In many locales, as in our capital city, Salt Lake City, there are these laws on the books that were written decades ago, that never contemplated this different business style, never contemplated that people would be able to do this. There were laws written about car insurance and transporting other people for hire, and all these kinds of things that prevented this company from being able to operate.
Again, it was never the intention of the people, the legislators, or the city councilmen decades ago, sitting down saying, “We want to prevent this totally unique business model we don’t even know exists right now.” That wasn’t the intention, but it was an unintended consequence.
What a regulatory sandbox does, is there is a legal program that is set up, passed by the Legislature, and they say, “Look, we recognize that there may be unintended consequences in the future, and so we want to create a safe space, if you will, in which an entrepreneur or a business that finds itself running up against a law or a local ordinance, they can enroll and enter into this program.”
While they’re in this program, they are shielded from any negative enforcement. They’re not going to be shut down. They’re not going to get fines. They are allowed to continue going about their business, notwithstanding the conflicting law, for a period of one to two years, provided that the regulators first do an analysis and they say, “Hey, we’ve concluded that this business activity is safe. No one’s going to be harmed or injured or defrauded. As long as it’s safe, we’re going to allow it to proceed so that we can watch it, and then go back to the Legislature and say, ‘Hey, look, we’ve identified. Here’s this problem. We’ve been watching them. Everything has been safe and fine. Let’s now go fix the law so that they can continue to proceed.'”
It’s a kind of an incubator, if you will, for these new business models, new companies, new approaches to doing things to say, “Look, as long as we’re safe, let us continue to go to market,” because after all, that is the whole idea behind regulations and laws — it’s to keep people safe. It’s not to protect certain businesses, certain classes, certain regions, anything like that. The whole idea, the justification, is to keep people safe.
As long as you’re safe and you go in the sandbox, you’re shielded from whatever these laws are. You’re allowed to build your business, show the use cases that you’re doing well. You’re helping the economy. You’re serving your customers very well, and then you’re able to take that evidence to the Legislature or the city council and say, “Hey, look, everything’s fine, can we please now fix this and update the law, so that we can continue to exceed.”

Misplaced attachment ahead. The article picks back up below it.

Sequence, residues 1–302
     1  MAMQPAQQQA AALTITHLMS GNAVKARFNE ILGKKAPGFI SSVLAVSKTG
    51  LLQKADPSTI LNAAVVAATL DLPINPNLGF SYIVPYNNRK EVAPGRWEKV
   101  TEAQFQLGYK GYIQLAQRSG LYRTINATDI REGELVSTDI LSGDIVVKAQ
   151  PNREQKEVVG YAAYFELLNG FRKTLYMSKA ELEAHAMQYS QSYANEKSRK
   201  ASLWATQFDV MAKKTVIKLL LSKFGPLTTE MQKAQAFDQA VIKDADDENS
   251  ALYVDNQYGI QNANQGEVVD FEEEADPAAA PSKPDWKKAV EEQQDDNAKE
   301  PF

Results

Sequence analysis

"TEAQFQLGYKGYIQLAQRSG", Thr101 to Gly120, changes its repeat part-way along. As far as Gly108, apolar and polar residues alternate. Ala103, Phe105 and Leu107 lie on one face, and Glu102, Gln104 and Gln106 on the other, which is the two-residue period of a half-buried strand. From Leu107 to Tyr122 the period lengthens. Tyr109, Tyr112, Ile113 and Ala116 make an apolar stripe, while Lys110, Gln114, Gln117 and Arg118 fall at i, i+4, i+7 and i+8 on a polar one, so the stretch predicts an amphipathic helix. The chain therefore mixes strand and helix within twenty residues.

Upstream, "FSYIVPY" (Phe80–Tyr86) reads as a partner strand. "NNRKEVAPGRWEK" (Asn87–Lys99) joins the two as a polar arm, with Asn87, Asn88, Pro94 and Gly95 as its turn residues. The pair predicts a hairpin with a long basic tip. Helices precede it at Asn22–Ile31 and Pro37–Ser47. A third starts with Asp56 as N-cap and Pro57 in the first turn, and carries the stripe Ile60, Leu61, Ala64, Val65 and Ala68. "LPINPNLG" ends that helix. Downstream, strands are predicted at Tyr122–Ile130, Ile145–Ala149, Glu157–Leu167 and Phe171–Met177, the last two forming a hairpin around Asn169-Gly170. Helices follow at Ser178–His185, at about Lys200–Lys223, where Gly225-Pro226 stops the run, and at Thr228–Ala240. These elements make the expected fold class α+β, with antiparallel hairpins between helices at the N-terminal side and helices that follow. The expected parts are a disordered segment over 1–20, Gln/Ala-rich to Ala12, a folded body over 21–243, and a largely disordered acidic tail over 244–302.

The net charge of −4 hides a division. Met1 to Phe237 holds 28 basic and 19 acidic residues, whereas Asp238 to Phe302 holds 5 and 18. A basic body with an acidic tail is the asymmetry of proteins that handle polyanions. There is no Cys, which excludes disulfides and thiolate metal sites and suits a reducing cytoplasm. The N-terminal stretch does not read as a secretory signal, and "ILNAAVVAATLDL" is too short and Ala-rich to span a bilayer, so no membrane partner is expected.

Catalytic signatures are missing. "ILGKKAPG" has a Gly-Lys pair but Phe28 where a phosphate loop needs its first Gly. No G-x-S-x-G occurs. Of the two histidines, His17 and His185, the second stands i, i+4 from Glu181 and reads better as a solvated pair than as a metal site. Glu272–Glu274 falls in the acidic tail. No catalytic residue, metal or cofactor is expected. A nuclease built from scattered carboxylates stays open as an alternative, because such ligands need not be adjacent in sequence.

Rather than an innovative company getting shut down, and then trying to work with the Legislature and legalize their new business model or activity, instead of a fist, it’s a handshake. It’s like, “Hey, we’re going to work with you. We want to support entrepreneurship and innovation, and so we have this little safe space where you can stay there while we figure it out.”
This is something that Utah is leading on, many states are now jumping in as well, and certainly something that could help Hawaii and every other state to say, “We want to have a way to support our entrepreneurs and build a better economy.”
Akina: One of the things I like about this is it promotes innovation, and it gives an incentive to businesses to try something, while at the same time not leaving the taxpayers holding the bag after something the government invests in fails, and that’s important. The other thing I like about it is, it’s a natural way for developing regulation. See what works, and then develop your regulations after that. Our state is so regulated, in terms of whether people can actually be licensed or not in terms of businesses.
You know that our state doesn’t allow for lemonade stands? Infrequent businesses by minors still require permits. It’s hard to believe. But of course, lemonade stands in and of themselves aren’t going to revitalize the economy. These restrictions are part of the problem when it comes to COVID recovery, wouldn’t you say?
Boyack: It does speak to what we discussed earlier, and that is barriers in the way. I gave the example of the people I saw in these African villages, but every American and all the people in different states, the same principle applies to us as well. I think of this family I know in my state, and they are an immigrant family, very poor, but they launched a very small business and there were some regulations preventing them from doing so. Fortunately, they know people like me that could help them get those regulations fixed, and it was a success story because clearing those regulations out of the way, that family was able to launch their business and succeed and grow and pursue the American dream.
It really comes down to: The government’s role is to keep things safe, but to the extent possible, let’s remove those barriers that prevent people from setting up the businesses they want, the businesses that can serve their customers. And this is a definite role for the government, is that where those restrictions exist, we need to question them. We need to question their basis, their intent and determine if this is actually causing more harm, especially post COVID when you’re basically going to have to give CPR to Hawaii’s economy …